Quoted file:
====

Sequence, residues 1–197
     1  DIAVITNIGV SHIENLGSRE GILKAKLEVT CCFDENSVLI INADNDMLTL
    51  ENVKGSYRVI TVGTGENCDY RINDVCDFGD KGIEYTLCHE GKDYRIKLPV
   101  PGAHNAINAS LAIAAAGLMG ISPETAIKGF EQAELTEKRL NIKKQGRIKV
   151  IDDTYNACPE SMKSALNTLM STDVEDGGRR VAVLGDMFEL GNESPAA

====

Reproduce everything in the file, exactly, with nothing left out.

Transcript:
Sequence, residues 1–197
     1  DIAVITNIGV SHIENLGSRE GILKAKLEVT CCFDENSVLI INADNDMLTL
    51  ENVKGSYRVI TVGTGENCDY RINDVCDFGD KGIEYTLCHE GKDYRIKLPV
   101  PGAHNAINAS LAIAAAGLMG ISPETAIKGF EQAELTEKRL NIKKQGRIKV
   151  IDDTYNACPE SMKSALNTLM STDVEDGGRR VAVLGDMFEL GNESPAA